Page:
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Thursday, June 20, 2024

Ecuador’s Prisons Transformed: From Jacuzzis to Military Rule

Orange-clad prisoners line up with military precision to exercise and sweep floors at an Ecuador prison where drug lords once enjoyed jacuzzis and nightclubs, and stashed drugs and weapons in the walls.

The windows and walls of the Latacunga prison south of Quito are still pockmarked with bullet holes, the vestiges of a gang war waged between inmates who, using fear and corruption, have long wielded outsized control behind bars.

President Daniel Noboa declared war on gangs in January and launched a military crackdown on the country’s prisons, which had become the nerve center and battleground of narcos linked to Mexican and Colombian cartels.

Latacunga is now “100 percent under the control of the armed forces,” a soldier said during a press visit to the prison. Like all the troops interviewed, the soldier did not want to be named.

However, despite the show of discipline and apparently cowed prisoners, three inmates slipped through the cracks and escaped Thursday — the same day that journalists toured the facility, the army said in a statement.

The incident highlighted the challenges faced by some 1,500 soldiers now in charge of the prison where cells had been turned into luxury rooms for crime bosses — one of them with a jacuzzi that has since been removed. 

Elsewhere in the jail, the image of a half-naked woman adorns the walls of a nightclub, with a sofa and a plush red carpet. Here, security forces found drugs and weapons stashed in the walls.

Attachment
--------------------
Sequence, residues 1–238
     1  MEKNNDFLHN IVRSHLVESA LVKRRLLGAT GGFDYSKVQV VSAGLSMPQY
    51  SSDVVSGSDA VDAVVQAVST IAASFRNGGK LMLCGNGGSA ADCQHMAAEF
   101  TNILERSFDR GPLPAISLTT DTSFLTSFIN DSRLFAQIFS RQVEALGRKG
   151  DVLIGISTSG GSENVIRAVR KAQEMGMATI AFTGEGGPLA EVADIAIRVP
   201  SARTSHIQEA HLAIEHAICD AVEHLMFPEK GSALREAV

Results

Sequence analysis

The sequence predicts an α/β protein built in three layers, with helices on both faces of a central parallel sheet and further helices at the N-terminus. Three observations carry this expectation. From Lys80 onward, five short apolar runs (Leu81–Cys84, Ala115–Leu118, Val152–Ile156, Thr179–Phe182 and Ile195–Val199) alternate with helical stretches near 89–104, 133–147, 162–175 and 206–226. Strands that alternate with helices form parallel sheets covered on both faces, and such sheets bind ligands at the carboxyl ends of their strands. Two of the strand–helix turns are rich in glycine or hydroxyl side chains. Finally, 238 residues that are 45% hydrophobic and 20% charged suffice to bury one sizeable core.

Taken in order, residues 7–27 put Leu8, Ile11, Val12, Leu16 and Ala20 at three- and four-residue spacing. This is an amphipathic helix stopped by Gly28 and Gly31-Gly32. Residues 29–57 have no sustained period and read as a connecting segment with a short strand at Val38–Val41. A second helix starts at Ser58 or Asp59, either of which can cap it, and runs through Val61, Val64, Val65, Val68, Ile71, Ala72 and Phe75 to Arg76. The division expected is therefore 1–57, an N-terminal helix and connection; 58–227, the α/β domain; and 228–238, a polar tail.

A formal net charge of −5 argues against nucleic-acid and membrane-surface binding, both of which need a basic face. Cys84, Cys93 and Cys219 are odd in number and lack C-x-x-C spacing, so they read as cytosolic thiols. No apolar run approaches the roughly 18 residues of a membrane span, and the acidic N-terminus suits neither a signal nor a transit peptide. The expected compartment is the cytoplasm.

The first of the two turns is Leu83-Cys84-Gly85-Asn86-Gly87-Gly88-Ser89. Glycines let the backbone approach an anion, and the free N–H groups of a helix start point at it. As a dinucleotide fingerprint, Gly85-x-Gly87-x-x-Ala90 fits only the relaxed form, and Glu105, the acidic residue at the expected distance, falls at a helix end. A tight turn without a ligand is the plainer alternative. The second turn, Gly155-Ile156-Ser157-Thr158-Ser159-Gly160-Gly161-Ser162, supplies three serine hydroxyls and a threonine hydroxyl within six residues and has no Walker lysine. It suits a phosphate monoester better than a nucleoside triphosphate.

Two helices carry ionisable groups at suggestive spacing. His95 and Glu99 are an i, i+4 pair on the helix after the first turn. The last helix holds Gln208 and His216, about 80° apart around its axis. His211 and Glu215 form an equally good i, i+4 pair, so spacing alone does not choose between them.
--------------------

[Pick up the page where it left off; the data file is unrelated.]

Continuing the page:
State of emergency

Once considered a bastion of peace in Latin America, Ecuador has been plunged into crisis by the rapid spread of transnational cartels that use its ports to ship drugs to the United States and Europe. Homicides increased almost eightfold between 2018 and 2023 when 46 in every 100,000 people were killed.

More than 460 inmates have been killed in brutal gang wars since 2021, including in Latacunga where multiple prison mutinies have broken out.

Noboa imposed a state of emergency in January after the prison escape of a notorious gang boss, and cartels reacted by taking hostage dozens of police and prison officials, later released.

They also threatened to execute civilians, set off explosives, burned cars and, on January 9, stormed a television station and fired shots in an attack that was broadcast live. 

The army then sent in tanks and troops to regain control of Ecuador’s 36 prisons, which house 31,300 inmates, according to the most recent census.

In Latacunga, home to 4,300 prisoners, authorities found a half-built tunnel and stashes of drugs, weapons and cell phones.The soldiers said that the most powerful crime bosses in the prison had been transferred to a maximum-security facility in the port city of Guayaquil.

Long live Ecuador

Hundreds of armed soldiers, in helmets and with their faces covered, patrol the prison with dogs.On a football pitch in a courtyard, hundreds of inmates line up for an hour of physical exercise. “Yes, my commander,” they respond in unison as the soldiers bark orders at them.

Elsewhere, inmates can be seen painting walls, sweeping and mopping floors.”Long live Ecuador!” says a soldier. Some human rights organizations have expressed concerns about the militarization of Ecuador’s prisons and reported abuses.Complaints ring out from the women’s pavilion: “We can’t even talk anymore,” and “we don’t have toilet paper.”

Elsewhere, a prisoner grumbles: “We want visits from our relatives. “One of the military officials in charge vows: “At no point have any human rights been violated. There is no mistreatment.”

He points out that before the soldiers arrived, prisoners had to pay gang members “to sleep, shower, or eat. “Asked how long the army would remain in charge, one of the officers said: “As long as the country needs us.”

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